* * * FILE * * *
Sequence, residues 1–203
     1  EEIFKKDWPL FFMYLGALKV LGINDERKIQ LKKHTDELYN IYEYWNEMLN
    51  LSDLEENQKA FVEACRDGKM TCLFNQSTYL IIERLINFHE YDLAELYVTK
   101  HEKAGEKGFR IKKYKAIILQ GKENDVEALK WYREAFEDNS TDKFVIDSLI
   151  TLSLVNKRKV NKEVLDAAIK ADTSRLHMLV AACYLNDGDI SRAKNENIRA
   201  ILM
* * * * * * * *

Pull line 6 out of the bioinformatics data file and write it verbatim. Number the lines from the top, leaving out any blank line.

   201  ILM